As expected, homeowners who decide to list in the spring tend to do pretty well when it comes to selling fairly quickly and getting a good return on their real estate investment. This is often attributed to the fact that nicer weather and more free time tend to prompt more buyer activity. More activity means more competition in the market, which helps drive prices up. But if waiting until spring isn’t your ideal scenario – you’ve got options.
Winter is a Surprisingly Good Time to List:
While you’d think people tend to hunker down in the winter and are less likely to home shop, Redfin’s data proves otherwise. They pulled numbers on over seven million home sales across the US that occurred over the past four years. In their analysis, they discovered that winter sellers are actually on pace with spring sellers when it comes to getting over asking price and selling quickly. Part of it has to do with the fact that winter shoppers tend to be more serious buyers and part of it has to do with other factors that impact local and national real estate markets, a number of which are outlined here. Check out Redfin’s data, organized by major metros, below:
Redfin has reported similar findings in the past – and has even shown that in previous years, winter sellers sold faster and made more money than those who listed at other times of the year.
Summer and Fall Lag Behind:
Summer break can get busy for people when the kids are out of school and fall gets busy as the holidays approach. Knowing that, it’s no surprise to see that these two times of the year come up short when it comes to faster sales and higher payouts. But be sure you take a look at the impact on your specific city. In some cities, the differences are negligible. In other major metros, the impact is more severe, which means listing in slower seasons can translate into making significantly less money on your sale.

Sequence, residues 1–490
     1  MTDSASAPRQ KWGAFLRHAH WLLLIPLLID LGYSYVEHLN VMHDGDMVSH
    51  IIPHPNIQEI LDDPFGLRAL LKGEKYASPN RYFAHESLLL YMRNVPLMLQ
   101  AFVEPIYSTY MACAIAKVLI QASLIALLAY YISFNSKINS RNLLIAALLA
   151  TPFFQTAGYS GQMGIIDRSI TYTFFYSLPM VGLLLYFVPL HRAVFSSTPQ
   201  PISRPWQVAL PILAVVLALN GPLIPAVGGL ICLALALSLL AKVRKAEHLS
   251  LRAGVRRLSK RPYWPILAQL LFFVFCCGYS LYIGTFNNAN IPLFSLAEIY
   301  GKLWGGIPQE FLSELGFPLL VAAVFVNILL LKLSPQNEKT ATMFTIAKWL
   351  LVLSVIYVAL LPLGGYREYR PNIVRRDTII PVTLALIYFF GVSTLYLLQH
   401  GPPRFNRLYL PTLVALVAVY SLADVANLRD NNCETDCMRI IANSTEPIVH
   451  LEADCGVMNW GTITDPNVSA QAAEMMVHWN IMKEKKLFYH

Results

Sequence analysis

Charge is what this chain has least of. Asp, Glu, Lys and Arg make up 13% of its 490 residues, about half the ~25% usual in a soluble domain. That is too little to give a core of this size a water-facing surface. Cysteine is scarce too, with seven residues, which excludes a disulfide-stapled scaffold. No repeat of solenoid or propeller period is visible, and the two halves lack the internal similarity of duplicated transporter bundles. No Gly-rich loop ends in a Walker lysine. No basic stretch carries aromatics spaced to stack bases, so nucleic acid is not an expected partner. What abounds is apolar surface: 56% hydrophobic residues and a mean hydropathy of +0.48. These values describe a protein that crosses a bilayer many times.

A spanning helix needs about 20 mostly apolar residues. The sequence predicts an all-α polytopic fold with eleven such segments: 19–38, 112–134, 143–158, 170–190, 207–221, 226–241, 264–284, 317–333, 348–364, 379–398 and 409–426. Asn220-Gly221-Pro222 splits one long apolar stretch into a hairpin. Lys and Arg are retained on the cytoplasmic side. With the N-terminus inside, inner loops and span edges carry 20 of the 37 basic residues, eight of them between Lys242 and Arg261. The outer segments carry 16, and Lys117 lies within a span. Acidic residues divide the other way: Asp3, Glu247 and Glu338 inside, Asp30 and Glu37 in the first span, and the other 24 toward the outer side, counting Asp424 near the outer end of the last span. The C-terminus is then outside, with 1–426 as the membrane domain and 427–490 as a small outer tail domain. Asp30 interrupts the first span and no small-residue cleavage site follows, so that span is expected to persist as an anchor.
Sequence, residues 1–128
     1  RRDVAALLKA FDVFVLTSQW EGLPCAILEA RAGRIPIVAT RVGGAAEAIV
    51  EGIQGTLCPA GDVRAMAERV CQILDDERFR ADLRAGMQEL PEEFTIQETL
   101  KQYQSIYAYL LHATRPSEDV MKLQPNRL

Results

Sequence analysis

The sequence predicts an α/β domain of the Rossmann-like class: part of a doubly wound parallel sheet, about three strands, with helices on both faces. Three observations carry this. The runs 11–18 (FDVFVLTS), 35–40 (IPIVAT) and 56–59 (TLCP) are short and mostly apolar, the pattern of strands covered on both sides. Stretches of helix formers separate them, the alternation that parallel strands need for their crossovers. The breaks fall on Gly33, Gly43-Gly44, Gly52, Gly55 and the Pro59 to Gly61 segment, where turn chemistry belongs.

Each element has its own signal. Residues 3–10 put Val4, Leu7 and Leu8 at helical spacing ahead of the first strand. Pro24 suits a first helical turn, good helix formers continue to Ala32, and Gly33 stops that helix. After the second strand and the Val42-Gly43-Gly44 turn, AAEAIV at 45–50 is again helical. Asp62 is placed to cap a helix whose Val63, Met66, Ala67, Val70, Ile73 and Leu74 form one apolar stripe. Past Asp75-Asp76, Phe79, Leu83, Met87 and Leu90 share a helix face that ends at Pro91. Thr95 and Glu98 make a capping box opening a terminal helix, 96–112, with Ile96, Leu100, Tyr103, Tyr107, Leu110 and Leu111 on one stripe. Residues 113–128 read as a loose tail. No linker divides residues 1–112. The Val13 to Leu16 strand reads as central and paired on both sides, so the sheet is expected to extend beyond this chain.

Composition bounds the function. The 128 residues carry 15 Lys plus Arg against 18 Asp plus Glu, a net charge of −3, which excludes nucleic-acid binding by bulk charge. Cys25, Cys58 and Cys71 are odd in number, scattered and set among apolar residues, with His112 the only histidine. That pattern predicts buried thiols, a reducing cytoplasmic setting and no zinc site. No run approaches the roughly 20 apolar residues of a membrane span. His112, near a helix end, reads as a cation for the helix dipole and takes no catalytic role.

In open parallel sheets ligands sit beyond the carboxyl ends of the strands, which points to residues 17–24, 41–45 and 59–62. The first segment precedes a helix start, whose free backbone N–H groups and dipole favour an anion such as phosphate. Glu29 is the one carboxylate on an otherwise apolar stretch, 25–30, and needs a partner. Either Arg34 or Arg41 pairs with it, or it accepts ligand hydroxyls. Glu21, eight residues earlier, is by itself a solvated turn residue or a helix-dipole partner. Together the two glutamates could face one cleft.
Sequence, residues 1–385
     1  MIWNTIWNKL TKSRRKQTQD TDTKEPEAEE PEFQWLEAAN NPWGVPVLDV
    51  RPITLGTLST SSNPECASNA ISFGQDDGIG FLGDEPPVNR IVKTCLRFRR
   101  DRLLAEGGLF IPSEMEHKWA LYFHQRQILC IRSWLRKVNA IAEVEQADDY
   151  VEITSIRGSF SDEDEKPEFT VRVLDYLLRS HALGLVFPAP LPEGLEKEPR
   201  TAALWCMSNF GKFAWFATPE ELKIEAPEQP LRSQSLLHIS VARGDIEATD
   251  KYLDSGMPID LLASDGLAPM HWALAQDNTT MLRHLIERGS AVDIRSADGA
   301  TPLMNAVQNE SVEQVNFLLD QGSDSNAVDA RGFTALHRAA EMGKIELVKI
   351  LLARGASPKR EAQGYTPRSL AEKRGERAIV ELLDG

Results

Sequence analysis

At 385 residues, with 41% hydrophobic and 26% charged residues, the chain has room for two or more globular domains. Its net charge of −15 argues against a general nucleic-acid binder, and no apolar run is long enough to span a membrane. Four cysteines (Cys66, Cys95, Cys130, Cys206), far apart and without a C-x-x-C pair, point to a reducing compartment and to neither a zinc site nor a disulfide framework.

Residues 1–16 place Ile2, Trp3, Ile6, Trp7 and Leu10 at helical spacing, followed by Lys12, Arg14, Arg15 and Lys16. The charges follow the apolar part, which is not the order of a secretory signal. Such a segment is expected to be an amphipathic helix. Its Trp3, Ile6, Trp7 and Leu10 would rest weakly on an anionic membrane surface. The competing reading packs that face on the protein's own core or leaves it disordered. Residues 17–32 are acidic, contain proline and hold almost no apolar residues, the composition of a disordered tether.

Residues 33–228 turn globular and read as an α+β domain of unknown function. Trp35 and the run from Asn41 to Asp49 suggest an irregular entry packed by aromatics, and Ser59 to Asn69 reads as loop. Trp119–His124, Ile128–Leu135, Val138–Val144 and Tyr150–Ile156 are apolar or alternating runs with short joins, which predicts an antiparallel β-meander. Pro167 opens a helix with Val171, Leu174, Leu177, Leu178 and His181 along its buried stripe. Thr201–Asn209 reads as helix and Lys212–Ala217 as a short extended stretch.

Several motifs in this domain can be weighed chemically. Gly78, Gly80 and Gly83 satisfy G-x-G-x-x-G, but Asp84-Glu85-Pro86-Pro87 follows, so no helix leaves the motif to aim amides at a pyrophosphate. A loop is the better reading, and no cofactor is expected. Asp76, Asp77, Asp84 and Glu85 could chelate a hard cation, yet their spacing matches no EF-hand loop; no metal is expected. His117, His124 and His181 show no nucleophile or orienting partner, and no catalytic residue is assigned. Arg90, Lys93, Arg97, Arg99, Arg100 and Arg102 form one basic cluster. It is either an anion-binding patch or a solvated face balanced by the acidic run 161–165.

Don’t Forget to Consider Your Motivation to Sell:
The real estate market is fluid and is impacted by a variety of factors, so what’s true now may not be true six months from now (or even one month from now). For example, rising interest rates are driving a lot of activity now, as buyers try to lock in low rates on their home purchase. But the same may not be true this time next year.
All market trends aside, your motivation to sell should also play a big role in determining when you should list. If you have an immovable deadline, all you can do is price right and do everything in your power to make the best of current market conditions. But, if you have more flexibility with your timeline and your local market tends to favor a particular season, it may be worth it for you to time your sale in a way that allows you to take advantage of the optimum selling season.